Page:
The Untouchables’ gig for Welwyn Garden City charity

PUBLISHED: 21:46 10 April 2013 | UPDATED: 21:48 10 April 2013

Chicago-style blues band The Untouchables will be playing a benefit gig for Welwyn-Garden City-based charity Hertfordshire Action on Disability

Chicago-style blues band The Untouchables will be playing a benefit gig for Welwyn-Garden City-based charity Hertfordshire Action on Disability


A CHICAGO-style blues band will be playing a rare local benefit gig for a Welwyn Garden City-based charity this weekend.

The Untouchables play Wheathampstead Memorial Hall on Saturday, April 13 for Hertfordshire Action on Disability (HAD).

Buntingford-based singer and harmonica player Keith Parker first got the blues when he was 11. Keith got hooked on the music in 1964 when his older brother Francis brought home a record player.

“The first record I heard was the Rolling Stones’ Not Fade Away,” Keith remembers.

“As soon as I heard Brian Jones playing the harmonica I knew that’s what I wanted to do.”

Keith saved his pocket money and learnt to play on a Hohner Echo Super Vamp.

By the early 70s, the music scene was beginning to change with progressive rock taking over from blues-influenced bands and Keith put the harmonica away until the mid 90s.

“I started playing guitar in a club in Hertford where I met Pete Ellison. I soon realised that Pete was much better than me and reverted to the harmonica.”

Keith and Pete played in a few jam sessions at the Half Moon in Bishop’s Stortford.

“It was a really good place with an excellent house drummer named Malcolm Buckland,” Keith explained. Three quarters of The Untouchables were in place.

“We placed an advert in the local press for an upright bass player and Paul Green replied,” said Keith. “He was perfect.”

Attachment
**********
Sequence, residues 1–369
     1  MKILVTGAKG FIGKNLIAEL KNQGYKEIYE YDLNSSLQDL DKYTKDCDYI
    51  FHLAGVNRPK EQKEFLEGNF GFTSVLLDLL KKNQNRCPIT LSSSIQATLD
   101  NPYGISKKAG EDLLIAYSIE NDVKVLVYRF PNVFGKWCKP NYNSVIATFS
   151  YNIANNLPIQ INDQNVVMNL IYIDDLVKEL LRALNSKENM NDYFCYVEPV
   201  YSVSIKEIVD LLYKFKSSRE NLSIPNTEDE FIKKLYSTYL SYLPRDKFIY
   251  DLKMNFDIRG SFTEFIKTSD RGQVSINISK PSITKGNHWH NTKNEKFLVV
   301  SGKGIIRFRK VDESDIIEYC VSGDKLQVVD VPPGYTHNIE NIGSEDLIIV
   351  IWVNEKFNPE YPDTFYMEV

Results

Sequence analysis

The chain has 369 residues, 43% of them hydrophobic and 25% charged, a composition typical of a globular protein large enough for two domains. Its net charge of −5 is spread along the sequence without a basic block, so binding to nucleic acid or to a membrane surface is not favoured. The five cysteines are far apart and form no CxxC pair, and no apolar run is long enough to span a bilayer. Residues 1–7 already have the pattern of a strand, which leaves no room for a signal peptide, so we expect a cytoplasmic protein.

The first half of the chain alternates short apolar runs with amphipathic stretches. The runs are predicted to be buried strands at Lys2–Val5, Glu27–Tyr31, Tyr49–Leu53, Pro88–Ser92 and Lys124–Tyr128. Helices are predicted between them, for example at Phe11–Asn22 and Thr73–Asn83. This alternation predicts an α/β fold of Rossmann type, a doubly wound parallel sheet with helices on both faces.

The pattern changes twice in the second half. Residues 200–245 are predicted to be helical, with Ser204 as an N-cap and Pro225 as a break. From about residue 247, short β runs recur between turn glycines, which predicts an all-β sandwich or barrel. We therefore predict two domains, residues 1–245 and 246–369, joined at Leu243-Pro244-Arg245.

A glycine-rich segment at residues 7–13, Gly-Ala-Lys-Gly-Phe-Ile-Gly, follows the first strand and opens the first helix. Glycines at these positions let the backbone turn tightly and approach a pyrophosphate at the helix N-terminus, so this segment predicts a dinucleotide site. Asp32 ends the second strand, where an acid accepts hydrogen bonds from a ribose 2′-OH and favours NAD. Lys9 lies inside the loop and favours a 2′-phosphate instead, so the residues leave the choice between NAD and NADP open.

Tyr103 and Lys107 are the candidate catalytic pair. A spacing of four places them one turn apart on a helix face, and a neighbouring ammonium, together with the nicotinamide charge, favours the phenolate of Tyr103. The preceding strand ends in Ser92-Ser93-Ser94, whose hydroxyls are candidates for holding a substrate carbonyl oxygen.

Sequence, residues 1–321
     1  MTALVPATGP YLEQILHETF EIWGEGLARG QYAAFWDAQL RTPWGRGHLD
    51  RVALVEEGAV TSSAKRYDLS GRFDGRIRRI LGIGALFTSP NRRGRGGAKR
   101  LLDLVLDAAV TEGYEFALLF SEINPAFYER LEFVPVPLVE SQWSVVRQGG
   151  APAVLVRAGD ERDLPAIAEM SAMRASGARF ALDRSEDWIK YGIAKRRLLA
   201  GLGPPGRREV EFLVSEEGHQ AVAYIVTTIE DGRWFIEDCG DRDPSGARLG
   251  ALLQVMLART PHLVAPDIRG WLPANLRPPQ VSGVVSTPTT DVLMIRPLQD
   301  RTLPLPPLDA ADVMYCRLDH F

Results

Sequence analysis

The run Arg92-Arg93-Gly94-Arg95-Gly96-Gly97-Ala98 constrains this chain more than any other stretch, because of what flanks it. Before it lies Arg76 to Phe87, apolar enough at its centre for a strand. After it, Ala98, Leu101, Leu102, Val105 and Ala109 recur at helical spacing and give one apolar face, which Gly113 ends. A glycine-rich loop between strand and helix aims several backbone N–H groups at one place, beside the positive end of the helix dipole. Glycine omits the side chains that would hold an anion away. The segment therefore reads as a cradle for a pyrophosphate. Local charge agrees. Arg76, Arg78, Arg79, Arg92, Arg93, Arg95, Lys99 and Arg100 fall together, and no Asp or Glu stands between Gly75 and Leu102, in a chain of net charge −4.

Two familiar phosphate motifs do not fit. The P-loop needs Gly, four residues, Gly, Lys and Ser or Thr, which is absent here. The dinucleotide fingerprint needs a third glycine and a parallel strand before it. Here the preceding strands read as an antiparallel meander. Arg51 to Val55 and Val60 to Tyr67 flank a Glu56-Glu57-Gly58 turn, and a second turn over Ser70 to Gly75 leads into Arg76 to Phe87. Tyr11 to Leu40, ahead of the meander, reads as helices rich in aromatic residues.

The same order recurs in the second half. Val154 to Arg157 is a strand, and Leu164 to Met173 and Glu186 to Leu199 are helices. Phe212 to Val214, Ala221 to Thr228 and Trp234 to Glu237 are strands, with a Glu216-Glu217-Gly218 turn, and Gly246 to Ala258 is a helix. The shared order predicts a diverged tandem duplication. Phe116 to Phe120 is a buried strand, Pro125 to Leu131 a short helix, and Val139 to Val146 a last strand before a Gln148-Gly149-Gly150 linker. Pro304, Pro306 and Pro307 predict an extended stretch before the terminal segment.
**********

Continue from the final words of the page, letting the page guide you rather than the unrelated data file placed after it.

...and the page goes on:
The band formed in 1996 and since then have gained quite a reputation for their live performances, particularly at The Blues Kitchen in Camden and The King’s Head Theatre, Islington.

Keith has also visited Chicago a few times and has even recorded in the famous Chess recording studio, now the Willie Dixon Blues Foundation Museum.

“I paid Willie’s nephew $10 and went into the studio and played a version of Little Walter’s Juke,” Keith explained.

“Soon a crowd had gathered outside the studio wondering who this English guy was. The receptionist even gave me a list of blues clubs myself and my partner Julie were invited to that night!

“We ended up only visiting one – Rosa’s Lounge – but it was worth it, a fantastic night in an authentic Chicago blues club.”

One year Keith and Julie even managed to track down the grave of Keith’s harmonica hero, Little Walter.

“It took us all day, but with the help of a very kind Chicago bus driver we did it.”

Keith likens his harmonica to a passport: “It’s enabled me to visit different countries and meet and play with many of my musical heroes.”

Tickets for The Untouchables’ HAD gig are £10 and are available from the charity’s Woodside Centre HQ, which is close to the QE2 Hospital. You can also get them at the door.

There’s a bar and authentic Chicago-style hotdogs, too.

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